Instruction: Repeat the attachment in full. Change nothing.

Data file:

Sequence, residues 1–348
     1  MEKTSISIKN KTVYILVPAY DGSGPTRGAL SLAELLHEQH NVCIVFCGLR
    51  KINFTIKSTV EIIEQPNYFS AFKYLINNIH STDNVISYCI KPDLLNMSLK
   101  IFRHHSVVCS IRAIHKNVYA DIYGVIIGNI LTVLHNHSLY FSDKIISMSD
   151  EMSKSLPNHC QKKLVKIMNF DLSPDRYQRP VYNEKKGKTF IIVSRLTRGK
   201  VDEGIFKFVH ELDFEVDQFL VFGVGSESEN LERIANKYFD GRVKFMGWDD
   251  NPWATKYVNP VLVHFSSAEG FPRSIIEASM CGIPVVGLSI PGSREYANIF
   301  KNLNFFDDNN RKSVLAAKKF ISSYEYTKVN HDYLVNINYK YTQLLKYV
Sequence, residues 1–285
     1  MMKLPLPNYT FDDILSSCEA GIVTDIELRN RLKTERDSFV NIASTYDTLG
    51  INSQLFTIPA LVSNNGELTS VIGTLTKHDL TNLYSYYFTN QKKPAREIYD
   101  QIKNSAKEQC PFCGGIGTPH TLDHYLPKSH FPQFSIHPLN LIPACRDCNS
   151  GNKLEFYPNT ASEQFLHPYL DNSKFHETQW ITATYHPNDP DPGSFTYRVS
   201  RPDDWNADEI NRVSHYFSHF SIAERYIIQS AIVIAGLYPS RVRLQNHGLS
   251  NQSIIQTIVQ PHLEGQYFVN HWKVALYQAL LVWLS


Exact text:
Sequence, residues 1–348
     1  MEKTSISIKN KTVYILVPAY DGSGPTRGAL SLAELLHEQH NVCIVFCGLR
    51  KINFTIKSTV EIIEQPNYFS AFKYLINNIH STDNVISYCI KPDLLNMSLK
   101  IFRHHSVVCS IRAIHKNVYA DIYGVIIGNI LTVLHNHSLY FSDKIISMSD
   151  EMSKSLPNHC QKKLVKIMNF DLSPDRYQRP VYNEKKGKTF IIVSRLTRGK
   201  VDEGIFKFVH ELDFEVDQFL VFGVGSESEN LERIANKYFD GRVKFMGWDD
   251  NPWATKYVNP VLVHFSSAEG FPRSIIEASM CGIPVVGLSI PGSREYANIF
   301  KNLNFFDDNN RKSVLAAKKF ISSYEYTKVN HDYLVNINYK YTQLLKYV
Sequence, residues 1–285
     1  MMKLPLPNYT FDDILSSCEA GIVTDIELRN RLKTERDSFV NIASTYDTLG
    51  INSQLFTIPA LVSNNGELTS VIGTLTKHDL TNLYSYYFTN QKKPAREIYD
   101  QIKNSAKEQC PFCGGIGTPH TLDHYLPKSH FPQFSIHPLN LIPACRDCNS
   151  GNKLEFYPNT ASEQFLHPYL DNSKFHETQW ITATYHPNDP DPGSFTYRVS
   201  RPDDWNADEI NRVSHYFSHF SIAERYIIQS AIVIAGLYPS RVRLQNHGLS
   251  NQSIIQTIVQ PHLEGQYFVN HWKVALYQAL LVWLS